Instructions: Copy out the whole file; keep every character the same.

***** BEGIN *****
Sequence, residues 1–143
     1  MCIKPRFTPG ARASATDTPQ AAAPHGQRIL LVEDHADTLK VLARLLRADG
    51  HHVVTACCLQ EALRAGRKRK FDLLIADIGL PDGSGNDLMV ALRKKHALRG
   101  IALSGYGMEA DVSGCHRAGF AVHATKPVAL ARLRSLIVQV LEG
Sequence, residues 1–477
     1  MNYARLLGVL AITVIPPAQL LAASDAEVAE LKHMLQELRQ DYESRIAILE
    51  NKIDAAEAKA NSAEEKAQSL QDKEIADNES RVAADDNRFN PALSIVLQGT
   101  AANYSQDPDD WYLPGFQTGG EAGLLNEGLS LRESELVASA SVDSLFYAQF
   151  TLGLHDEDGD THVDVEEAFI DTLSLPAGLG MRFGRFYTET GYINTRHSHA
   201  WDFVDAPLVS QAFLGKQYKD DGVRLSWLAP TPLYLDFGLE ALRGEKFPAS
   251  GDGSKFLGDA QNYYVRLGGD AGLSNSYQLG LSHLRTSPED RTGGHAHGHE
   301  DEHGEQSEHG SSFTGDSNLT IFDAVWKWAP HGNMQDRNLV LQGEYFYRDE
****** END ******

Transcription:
Sequence, residues 1–143
     1  MCIKPRFTPG ARASATDTPQ AAAPHGQRIL LVEDHADTLK VLARLLRADG
    51  HHVVTACCLQ EALRAGRKRK FDLLIADIGL PDGSGNDLMV ALRKKHALRG
   101  IALSGYGMEA DVSGCHRAGF AVHATKPVAL ARLRSLIVQV LEG
Sequence, residues 1–477
     1  MNYARLLGVL AITVIPPAQL LAASDAEVAE LKHMLQELRQ DYESRIAILE
    51  NKIDAAEAKA NSAEEKAQSL QDKEIADNES RVAADDNRFN PALSIVLQGT
   101  AANYSQDPDD WYLPGFQTGG EAGLLNEGLS LRESELVASA SVDSLFYAQF
   151  TLGLHDEDGD THVDVEEAFI DTLSLPAGLG MRFGRFYTET GYINTRHSHA
   201  WDFVDAPLVS QAFLGKQYKD DGVRLSWLAP TPLYLDFGLE ALRGEKFPAS
   251  GDGSKFLGDA QNYYVRLGGD AGLSNSYQLG LSHLRTSPED RTGGHAHGHE
   301  DEHGEQSEHG SSFTGDSNLT IFDAVWKWAP HGNMQDRNLV LQGEYFYRDE